All San Francisco Wants is a Big Sandwich, proclaimed this very publication in September. But David Bullitt, the man behind the San Francisco iteration of Heroic Deli, is hopeful that San Francisco wants more than that — so hopeful that despite the pandemic, he’s opening a new spot specializing in smaller, artisanal sandwiches in the Castro District.
Bullitt wasn’t always a sandwich guy: Along with his brother, Jeffrey Merrihue, he had a whole career in Silicon Valley, working at tech companies like Intel and Samsung. A couple of years ago, Merrihue left the tech world and opened a Santa Monica restaurant called Heroic Italian. When Bullitt, an SF resident, headed down south to help his brother get started, he started thinking that he might want to open a restaurant, too.
“I was burnt out on global travel” as a marketing director for Nvidia, Bullitt says, so working with his brother was a welcome change. And after things went well in LA, the brothers agreed that it was time for Heroic to open an outpost in San Francisco. The plan was to open Heroic Italian SF, with a tightly-edited menu of sandwiches and salads, in the Market, that hybrid food hall and grocery store on the ground floor of the Twitter building. But the pandemic stalled that plan (as it did for others), so Bullitt started casting around for other ways to open an SF location.
“So I walked down to the Castro,” Bullitt says. “The first person I talked to was a wine bar owner who also owns building.” That was Sabeen Minns, who since 2016 has owned Swirl Wine Bar, a bustling bottle shop on a busy block of Castro Street. Minns was intrigued by the idea of bringing a sandwich shop into Swirl, and the two struck a deal: instead of rent, Bullitt would pay Minns a percentage of Heroic’s profits. The more successful the sandwich shop, the better for the both of them — and that way, Bullitt says, he wouldn’t be saddled with the lease worries that have plagued so many restauranteurs during the coronavirus crisis.
According to Bullitt, his sandwiches are a different value proposition than the standard SF sub or hoagie. “They will not be the cheapest sandwiches in the city,” he says, and “they will not be the biggest in the city.” But, he adds, they will be made with excruciating care: All the meats are imported from Italian makers so exclusive that he declined to name names. Their rolls are from SF’s own Montesacro Pinseria, and are made with a soy, rice, and wheat flour blend that’s also imported, this time straight from Rome. But everything else, from the produce to the chips on the side, is local. Together, Bullitt says, the ingredients are “lovingly cared for and lovingly crafted” into a sandwich that’s a “little smaller” than the competition, one from which you won’t “walk away bloated.”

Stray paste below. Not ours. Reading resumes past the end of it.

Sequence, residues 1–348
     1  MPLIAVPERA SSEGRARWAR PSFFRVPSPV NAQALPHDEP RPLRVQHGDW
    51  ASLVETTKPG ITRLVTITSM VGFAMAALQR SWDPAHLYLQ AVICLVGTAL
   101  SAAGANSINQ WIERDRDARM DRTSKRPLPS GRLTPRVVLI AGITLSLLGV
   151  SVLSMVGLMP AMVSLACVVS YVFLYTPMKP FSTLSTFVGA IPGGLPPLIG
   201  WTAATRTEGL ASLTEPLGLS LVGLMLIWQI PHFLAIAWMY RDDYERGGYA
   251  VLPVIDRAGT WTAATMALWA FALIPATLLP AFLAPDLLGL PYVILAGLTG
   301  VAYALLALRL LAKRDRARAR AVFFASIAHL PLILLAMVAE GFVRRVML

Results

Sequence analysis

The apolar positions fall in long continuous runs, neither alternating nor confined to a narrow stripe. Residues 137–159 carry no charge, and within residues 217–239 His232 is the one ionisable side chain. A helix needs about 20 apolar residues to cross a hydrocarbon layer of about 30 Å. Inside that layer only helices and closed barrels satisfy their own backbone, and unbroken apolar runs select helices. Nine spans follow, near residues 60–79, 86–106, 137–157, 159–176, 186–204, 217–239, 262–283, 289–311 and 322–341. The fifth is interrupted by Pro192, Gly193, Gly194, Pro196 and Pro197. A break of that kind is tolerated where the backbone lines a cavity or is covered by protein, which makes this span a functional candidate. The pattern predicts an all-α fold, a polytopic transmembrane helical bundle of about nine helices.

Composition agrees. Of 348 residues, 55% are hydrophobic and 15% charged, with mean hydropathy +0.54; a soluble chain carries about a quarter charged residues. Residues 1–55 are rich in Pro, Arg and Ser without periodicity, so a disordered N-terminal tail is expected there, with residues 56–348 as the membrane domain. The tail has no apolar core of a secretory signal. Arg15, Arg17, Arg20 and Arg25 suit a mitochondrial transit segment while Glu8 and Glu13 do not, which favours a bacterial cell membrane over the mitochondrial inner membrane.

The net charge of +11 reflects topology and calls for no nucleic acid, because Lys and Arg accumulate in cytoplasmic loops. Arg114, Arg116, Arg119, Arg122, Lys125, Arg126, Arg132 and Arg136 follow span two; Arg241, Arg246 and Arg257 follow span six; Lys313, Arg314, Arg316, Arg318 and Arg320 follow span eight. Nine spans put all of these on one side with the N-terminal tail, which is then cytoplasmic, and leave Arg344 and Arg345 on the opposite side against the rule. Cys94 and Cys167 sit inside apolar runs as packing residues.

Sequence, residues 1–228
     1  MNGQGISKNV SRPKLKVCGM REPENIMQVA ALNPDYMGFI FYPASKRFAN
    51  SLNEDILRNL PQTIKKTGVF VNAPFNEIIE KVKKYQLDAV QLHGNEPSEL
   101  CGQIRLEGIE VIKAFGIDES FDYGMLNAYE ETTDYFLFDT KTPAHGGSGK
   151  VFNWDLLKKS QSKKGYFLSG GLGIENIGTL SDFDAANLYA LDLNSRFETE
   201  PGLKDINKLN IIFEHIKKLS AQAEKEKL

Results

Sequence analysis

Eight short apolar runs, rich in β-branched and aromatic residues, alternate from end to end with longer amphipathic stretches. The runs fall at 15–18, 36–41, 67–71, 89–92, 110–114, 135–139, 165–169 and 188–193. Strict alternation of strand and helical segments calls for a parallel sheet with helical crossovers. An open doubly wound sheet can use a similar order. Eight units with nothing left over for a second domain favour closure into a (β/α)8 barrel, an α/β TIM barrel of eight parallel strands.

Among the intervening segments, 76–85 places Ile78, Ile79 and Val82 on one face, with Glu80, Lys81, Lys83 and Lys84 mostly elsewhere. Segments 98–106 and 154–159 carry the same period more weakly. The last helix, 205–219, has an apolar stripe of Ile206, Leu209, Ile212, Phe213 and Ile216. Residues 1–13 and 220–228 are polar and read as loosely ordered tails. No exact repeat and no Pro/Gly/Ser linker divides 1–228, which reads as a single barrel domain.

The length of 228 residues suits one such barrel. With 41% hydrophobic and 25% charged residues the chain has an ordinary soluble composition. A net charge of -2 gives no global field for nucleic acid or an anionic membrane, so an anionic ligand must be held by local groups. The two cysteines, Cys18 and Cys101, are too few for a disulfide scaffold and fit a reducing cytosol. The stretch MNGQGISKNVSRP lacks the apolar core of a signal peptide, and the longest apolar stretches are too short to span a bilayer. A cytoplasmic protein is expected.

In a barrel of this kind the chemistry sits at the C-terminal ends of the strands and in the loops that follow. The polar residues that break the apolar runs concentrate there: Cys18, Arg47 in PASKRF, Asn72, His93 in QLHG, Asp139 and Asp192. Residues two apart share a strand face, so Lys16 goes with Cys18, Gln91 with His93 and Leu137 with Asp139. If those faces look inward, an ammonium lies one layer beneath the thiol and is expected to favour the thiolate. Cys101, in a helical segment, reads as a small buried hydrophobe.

Also a “little smaller” is the menu of items (you can see it in full, below); Bullitt explains it is an intentional distinction from the “build your own” spots that pepper San Francisco. Heroic, he says, “is all about the artisanal experience,” which is why there are only four sandwiches and four salads on offer. Of particular note on the sandwich roster is the OMG: prosciutto, salami, capocollo, mortadella, porchetta, smoked mozzarella, artichokes, tomatoes, housemade giardiniera, mustard, and black truffle mayo. Of the salads, the Mount Etna (roasted farro, cauliflower, Brussels sprouts, carrots, and fennel on arugula) is Bullitt’s favorite, as “it’s not your standard deli salad,” he says.
For now, Heroic Italian will be takeout only. While Bullitt was initially thinking about launching delivery through the usual apps, that’s not in the cards for now: between the commissions those companies charge and his worries about quality control — “I want our food to be as fresh as possible,” he says — he decided to hold off. And the feedback he’s gotten so far from neighbors has been positive enough that he’s now wondering if “we might not need delivery” after all.
Heroic has been serving walk-up customers with limited hours since last week, but today marks their official, grand opening, complete with an online ordering system. Hours for now are Thursdays-Sundays from noon until 6 p.m., Bullitt says — “and after we open, we’ll see.”
Heroic Italian is open for takeout inside Swirl Wine Bar from 12-6 p.m. Thursdays-Sundays. Walk-up orders are fine, and orders can be placed online here.